Tuesday, June 18, 2013

Embroidery class, year 2 - fine needlework - smocking

Our last completed topic in the guild's basic course was fine needlework. Year 2 has a very different feel to year 1, because we've had people move away, drop out, etc, and we are down to a group of six. Very cosy and yet more competitive!

Fine needlework is technically anything done with a tiny needle, but for the purposes of the class it covered two types of work: madeira work and smocking. This post will be about smocking, as thanks to the pregnancy exhaustion of first trimester, I didn't fully complete my madeira work project before handing it in, and I'd like it to be done before I photograph it for the blog!

I've been interested in smocking in the past, even to the extent of buying a book on it, but the amount of preparation you need to do to pleat the fabric had always seemed daunting. There are techniques you can use to smock fabric without pre-pleating, like counterchange smocking, but it works best on stripes or checks and still requires some fabric preparation in terms of marking it up.  So being given a pre-pleated sample piece for the purposes of the class was an ideal opportunity to try the stitching part without the initial time investment.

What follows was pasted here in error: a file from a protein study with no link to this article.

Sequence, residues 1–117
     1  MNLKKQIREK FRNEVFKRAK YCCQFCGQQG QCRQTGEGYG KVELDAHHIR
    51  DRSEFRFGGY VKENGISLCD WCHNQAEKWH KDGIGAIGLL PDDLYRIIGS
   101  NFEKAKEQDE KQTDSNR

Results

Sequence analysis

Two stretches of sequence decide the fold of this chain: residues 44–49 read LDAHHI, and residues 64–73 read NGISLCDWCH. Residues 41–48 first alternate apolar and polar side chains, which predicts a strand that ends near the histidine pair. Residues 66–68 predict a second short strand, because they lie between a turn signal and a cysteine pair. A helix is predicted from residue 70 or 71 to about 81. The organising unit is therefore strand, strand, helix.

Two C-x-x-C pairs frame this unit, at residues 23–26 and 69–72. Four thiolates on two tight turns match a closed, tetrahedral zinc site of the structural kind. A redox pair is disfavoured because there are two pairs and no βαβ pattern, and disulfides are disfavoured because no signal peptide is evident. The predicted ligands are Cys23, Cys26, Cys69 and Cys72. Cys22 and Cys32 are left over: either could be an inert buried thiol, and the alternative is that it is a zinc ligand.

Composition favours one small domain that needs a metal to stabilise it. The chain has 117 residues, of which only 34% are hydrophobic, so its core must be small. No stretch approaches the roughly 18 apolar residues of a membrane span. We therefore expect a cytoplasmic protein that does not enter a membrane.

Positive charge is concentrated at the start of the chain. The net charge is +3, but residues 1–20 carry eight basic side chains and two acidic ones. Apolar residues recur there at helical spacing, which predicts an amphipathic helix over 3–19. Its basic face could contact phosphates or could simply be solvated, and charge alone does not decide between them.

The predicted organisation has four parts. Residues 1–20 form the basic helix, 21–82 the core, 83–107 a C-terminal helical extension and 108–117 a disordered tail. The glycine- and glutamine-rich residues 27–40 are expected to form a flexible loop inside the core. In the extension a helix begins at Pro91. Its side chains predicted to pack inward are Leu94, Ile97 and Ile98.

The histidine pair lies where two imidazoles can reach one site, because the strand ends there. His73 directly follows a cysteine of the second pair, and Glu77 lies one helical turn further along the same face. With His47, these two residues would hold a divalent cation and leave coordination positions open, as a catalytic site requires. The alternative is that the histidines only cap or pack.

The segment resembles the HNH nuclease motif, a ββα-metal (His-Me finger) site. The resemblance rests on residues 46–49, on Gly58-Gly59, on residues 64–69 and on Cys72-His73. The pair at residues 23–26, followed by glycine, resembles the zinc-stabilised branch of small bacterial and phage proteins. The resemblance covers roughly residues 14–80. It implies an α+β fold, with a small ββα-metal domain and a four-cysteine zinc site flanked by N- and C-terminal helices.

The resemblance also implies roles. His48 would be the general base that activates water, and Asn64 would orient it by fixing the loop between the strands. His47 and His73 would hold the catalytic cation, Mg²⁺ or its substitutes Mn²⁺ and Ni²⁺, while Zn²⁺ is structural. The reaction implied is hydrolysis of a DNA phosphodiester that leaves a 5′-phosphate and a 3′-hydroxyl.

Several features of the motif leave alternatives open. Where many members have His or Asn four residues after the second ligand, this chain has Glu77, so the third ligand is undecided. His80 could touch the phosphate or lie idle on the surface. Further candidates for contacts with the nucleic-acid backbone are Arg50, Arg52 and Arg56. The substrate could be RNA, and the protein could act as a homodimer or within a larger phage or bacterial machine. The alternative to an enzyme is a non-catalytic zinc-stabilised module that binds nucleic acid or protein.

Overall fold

For our class and assignment folder we had to produce a smocking sampler, so just trying a variety of stitches.  I do enjoy the freedom of producing samplers but it does occasionally end up looking a bit messy.
I ended up with about a dozen different stitches and variations on stitches on my sampler, and I'm quite happy with it. I didn't get the room to try picture smocking, or smocking with buttonholes for a ribbon insertion - two techniques I liked the look of - but it was a still a good range to get a sense of what is involved in the technique.
The finished smocking sampler for the class. 
The basic stitches are quite easy. A lot of the elegance of smocking comes from how you combine them - so using the basic wave stitch in a variation that forms these lovely triangles, between which I've added tiny cable stitch florettes:
These triangles are made up of one basic stitch - but are so effective!
Or using a simple stem stitch to create a trailing vine which you then embellish:
An embellished trailing vine is so pretty - in a final project it might need backsmocking to keep it strong.
I really enjoyed playing with these smocking stitches. My reservations still stand though. There would be a LOT of preparation of fabric. But the final result does look beautiful. I suspect that only the recent news that the impending baby will be a boy has stopped me researching pleaters on ebay. After all, how much room would a pleater take up?

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